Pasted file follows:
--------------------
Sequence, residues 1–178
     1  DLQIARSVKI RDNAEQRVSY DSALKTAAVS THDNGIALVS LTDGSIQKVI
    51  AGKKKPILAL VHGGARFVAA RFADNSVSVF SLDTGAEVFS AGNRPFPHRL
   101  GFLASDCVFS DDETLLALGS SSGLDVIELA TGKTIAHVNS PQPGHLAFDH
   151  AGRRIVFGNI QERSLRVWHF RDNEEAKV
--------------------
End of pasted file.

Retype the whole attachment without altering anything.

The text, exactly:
Sequence, residues 1–178
     1  DLQIARSVKI RDNAEQRVSY DSALKTAAVS THDNGIALVS LTDGSIQKVI
    51  AGKKKPILAL VHGGARFVAA RFADNSVSVF SLDTGAEVFS AGNRPFPHRL
   101  GFLASDCVFS DDETLLALGS SSGLDVIELA TGKTIAHVNS PQPGHLAFDH
   151  AGRRIVFGNI QERSLRVWHF RDNEEAKV